My initial plan for the Learn-a-Stitch projects and stitch samplers is to use a different color combination for each one, trying different shades of Watercolours and challenging myself to find threads that matched.
Sometimes though, this approach does not work so well, when I was working on the LAS Mini-socks (book available here), I found one month that the Watercolours I’d picked, plum, didn’t go with much in my stash and I ended up not liking the result as much as I thought I would.
This could be a product of our recent gray days, or aging eyes, or just changing tastes, but I’m longing for bright cheery colors.
Sometimes though folks want to use coordinated colors for a series of samplers. I hadn’t thought about it this way, but yes, it could. I did this for a set of four small tent stitch samplers, below, that are part of the 25 Stitches series (available here). Although the Watercolour will be the same in all, the other threads will change. But they all will be picked from a set of threads picked ahead of time to go with that Watercolours. They all used the same Waytercolours as pictured above.
The key to doing this is to pick a shade of Watercolours that has at least three, preferably more, different colors in it. There are lots of these. I picked Tahiti, which has all the colors of the rainbow in it. Not because of that but because it’s my favorite shade of Watercolours. (If you want some other “rainbow” Watercolours, try Autumn Frost, Rain Forest, or Woodlands, I can often find these as pastel or dark colors).
Then, with your Watercolours in hand, look through your stash for any thread that has one of these colors in it, or makes the Watercolours “pop” and look brighter or more defined. Try to get a variety of textures and colors. Add a true metallic (silver or gold).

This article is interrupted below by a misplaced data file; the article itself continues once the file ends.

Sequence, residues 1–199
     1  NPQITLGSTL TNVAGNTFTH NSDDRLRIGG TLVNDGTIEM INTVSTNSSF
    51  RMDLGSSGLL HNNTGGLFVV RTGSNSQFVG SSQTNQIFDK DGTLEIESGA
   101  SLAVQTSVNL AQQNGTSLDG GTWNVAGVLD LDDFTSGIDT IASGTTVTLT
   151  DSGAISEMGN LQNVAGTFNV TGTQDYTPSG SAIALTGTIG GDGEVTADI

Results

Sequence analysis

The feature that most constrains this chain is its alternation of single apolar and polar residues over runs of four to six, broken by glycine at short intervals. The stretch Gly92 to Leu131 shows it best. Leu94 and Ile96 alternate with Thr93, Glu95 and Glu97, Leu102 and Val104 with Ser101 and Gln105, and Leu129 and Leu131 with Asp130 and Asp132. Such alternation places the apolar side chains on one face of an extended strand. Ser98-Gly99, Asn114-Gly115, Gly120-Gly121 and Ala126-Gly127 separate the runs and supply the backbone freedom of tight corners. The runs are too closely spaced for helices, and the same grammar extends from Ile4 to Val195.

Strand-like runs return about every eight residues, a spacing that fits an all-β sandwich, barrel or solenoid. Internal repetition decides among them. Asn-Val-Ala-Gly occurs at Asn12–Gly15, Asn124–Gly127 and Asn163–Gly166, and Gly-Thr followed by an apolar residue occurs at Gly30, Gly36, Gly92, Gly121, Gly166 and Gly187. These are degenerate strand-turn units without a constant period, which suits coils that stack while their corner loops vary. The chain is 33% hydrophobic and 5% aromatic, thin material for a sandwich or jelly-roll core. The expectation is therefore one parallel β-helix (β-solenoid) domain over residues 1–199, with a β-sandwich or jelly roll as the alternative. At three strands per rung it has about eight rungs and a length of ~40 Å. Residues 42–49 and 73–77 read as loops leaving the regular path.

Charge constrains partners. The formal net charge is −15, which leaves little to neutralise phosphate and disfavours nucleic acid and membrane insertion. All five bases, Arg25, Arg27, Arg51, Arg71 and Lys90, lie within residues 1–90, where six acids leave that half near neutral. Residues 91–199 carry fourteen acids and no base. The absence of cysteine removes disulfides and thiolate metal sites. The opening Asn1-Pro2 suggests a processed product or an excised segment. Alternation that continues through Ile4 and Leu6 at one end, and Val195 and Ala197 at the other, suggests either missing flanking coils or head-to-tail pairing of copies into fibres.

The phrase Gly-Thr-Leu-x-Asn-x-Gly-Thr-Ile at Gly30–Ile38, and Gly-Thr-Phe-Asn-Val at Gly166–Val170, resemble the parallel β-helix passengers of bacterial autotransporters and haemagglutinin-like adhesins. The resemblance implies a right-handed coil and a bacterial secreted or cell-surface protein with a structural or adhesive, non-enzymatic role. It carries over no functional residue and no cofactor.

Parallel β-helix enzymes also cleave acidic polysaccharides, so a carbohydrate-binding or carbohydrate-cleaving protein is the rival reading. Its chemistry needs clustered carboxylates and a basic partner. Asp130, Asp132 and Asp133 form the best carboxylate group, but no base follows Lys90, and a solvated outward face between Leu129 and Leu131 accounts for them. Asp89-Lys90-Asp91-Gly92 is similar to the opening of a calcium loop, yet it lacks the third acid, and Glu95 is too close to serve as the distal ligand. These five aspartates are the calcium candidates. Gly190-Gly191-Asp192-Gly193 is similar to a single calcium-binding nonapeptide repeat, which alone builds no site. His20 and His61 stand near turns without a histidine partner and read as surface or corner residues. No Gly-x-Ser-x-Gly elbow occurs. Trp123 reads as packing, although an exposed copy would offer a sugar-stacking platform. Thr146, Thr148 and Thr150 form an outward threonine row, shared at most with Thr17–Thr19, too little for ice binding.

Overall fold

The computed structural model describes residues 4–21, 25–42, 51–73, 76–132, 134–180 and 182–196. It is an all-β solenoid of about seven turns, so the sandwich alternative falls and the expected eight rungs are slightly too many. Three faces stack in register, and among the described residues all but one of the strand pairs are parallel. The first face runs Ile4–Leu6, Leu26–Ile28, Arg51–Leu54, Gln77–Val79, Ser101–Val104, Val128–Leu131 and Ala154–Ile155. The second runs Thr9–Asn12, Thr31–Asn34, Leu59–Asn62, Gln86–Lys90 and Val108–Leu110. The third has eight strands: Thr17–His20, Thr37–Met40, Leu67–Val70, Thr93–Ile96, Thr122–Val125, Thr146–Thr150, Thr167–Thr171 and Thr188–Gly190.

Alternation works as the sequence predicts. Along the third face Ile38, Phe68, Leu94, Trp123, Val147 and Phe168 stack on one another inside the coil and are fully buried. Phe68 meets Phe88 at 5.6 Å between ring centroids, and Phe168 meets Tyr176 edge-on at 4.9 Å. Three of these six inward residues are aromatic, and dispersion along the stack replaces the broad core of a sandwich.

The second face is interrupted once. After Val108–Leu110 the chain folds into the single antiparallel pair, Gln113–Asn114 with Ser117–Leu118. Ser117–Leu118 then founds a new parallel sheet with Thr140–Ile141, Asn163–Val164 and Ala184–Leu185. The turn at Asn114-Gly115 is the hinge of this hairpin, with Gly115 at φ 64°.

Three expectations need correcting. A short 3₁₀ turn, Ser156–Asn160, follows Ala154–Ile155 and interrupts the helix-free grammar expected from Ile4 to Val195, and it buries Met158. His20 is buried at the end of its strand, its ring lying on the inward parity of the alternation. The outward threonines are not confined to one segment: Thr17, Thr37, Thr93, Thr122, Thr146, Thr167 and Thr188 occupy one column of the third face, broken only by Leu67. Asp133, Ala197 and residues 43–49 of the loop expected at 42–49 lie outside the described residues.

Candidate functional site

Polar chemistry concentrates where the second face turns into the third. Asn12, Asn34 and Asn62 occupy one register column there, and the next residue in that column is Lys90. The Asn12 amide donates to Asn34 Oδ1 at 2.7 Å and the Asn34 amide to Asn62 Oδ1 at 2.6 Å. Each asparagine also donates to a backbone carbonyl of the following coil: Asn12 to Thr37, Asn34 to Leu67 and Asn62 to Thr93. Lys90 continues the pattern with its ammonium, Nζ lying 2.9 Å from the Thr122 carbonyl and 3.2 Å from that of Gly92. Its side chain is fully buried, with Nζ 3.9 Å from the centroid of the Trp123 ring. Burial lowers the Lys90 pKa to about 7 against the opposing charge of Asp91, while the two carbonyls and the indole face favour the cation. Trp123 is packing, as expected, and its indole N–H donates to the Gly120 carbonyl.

Put them into a box or bag. I only got through about half my stash and have a photo box full. The picture above is only the top layer of thread. I have wool blends, cottons, silks, and metallics. Some for each color in the thread and a couple that looked so cool against Tahiti I HAD to include them.
To use this assorted pil, keep your Watrcolours separate. Decide where this color will go first. As you stitch a non-Watercolours patch, pull out enough otherthreads other threads to go with it for your project. Put them with your instructions in the project bag. Then you are ready to stitch.
i used this approach, as did my many model stitchers, to make the Small Stitch Sampler, mine is pictured below. Each model of the four samplers, all seen with complete instructions in this book, is completely different. These are greatexamples of how flexible this approach can be. It’s one of my favorite methods of creating a color scheme.